Daylight-saving takes a toll on sleepy time

I hate Benjamin Franklin.

Sure, “Poor Richard’s Almanac” is great and when he turns green he’s worth $100, but he’s made my life hell, and moved 2 a.m. from the spring to the fall, next to another 2 a.m.

Good ol’ Ben came up with this silly thing called daylight-saving time. It means we get a whole extra hour of daylight, or at least we’re told that. It really means we get rid of that light in the morning when we want to sleep in and stick it at the end of the day. Of course this makes as much sense as saving your breakfast eggs for dinner (this only applies to cooked eggs).

We needed that extra hour at night way back in the day to enjoy the warmth and light of summer outdoors because there were no light bulbs. Mr. Franklin just wanted to electrocute himself with a kite and let Edison do the hard work. Nowadays we can carry the magic of light with us.

Daylight-saving time is now nothing more than a nuisance. Fourth of July becomes a nightmare at my house, because we’re waiting for the sun to go down to set off the fireworks for the kids who are half-asleep by the time we start and the younger ones are completely out by the time we’re done.

DST is also a pain because it’s dark at 7 a.m. Two hours after morning purists say the day has started, the sun is having trouble rolling over. If the sun can’t deal with it, neither can I.

So I’m a little old fashioned and I can’t call a starry sky morning. Better times are on the way. In a few more days, time will start to make sense again. We’ll relax into a nice extra hour of sleep and refresh ourselves after nearly two-thirds of the semester is done.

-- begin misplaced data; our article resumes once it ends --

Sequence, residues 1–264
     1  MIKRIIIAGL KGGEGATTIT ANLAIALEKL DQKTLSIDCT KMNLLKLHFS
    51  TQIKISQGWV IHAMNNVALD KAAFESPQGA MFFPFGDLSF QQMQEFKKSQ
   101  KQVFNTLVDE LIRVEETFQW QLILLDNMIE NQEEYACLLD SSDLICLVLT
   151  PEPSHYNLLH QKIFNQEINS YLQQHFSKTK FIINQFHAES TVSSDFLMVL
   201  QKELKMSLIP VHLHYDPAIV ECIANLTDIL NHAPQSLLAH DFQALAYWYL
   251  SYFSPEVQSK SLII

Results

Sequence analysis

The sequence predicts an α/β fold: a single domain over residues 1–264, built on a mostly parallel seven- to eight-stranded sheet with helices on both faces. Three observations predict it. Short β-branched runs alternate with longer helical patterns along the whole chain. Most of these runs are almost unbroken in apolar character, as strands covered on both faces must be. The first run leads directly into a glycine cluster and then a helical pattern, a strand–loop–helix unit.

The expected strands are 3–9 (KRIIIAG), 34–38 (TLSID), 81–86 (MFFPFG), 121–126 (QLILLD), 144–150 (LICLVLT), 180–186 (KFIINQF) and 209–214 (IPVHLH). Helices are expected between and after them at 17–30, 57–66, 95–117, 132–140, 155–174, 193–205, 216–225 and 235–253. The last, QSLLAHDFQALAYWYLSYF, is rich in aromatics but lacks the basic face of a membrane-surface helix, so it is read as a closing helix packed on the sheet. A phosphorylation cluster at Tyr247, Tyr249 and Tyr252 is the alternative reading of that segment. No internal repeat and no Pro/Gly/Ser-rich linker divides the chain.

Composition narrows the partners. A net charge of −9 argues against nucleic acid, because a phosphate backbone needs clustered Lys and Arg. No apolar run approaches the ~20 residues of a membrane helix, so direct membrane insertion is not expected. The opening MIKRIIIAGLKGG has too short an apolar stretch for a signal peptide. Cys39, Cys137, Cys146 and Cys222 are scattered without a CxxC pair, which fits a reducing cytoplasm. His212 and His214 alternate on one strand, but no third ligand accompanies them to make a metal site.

After all, this is only a certain time of the year. It’s not like daylight-saving time isn’t universal. There is no religious conflict (except for the ultra-Orthodox Sephardic Jews in Israel who recite prayers in the Jewish month of Elul).

Well, at least it’s an event all Americans take part in (except Hawaii, American Samoa, Guam, Puerto Rico, most of the Eastern time zone, parts of Indiana, and Arizona (except for the Navajo Indian Reservation)). Other than that, it’s a fun time for all.

To be honest, the whole concept of daylight-saving time sounds like it comes straight out of the book of Revelation:

“And lo, one of the four beasts spoke, ‘Come and see.’ And I saw. Unto me was revealed a form of torture far more sinister than any ye may encounter under the canopy of the heavens. The damnation of man hath been spelled out before mine eyes; plans to make an hour of morning into an hour of evening for only a portion of days. And I looked, and behold a pale horse: and his name that sat on him was Death, and Hell followed with him” (Rev 6: 7, 7.5, 8).

So what hope do we have against this menace? The best advice I could give to a first-year student before registration opens is watch your times. If your earliest class this semester is at 9 a.m., push it back to 10 a.m. It is amazing the power that pushing time forward can have on a sleep cycle and the rest of the world. If you’re really unlucky and don’t take my advice, the bus you take in the morning will mysteriously appear five minutes earlier at its stop and Econ will be even more fun to take (sorry Professor Adams!).

For the rest of you, start writing letters and raising a fuss to your congressman. Maybe in the hunt for votes, they’ll adopt it as their cause and have a bill signed, sealed and vetoed before the November election, because it will remind President Bush of all his service in Vietnam, where they don’t have DST.

Wait a second. When was he in Vietnam…?

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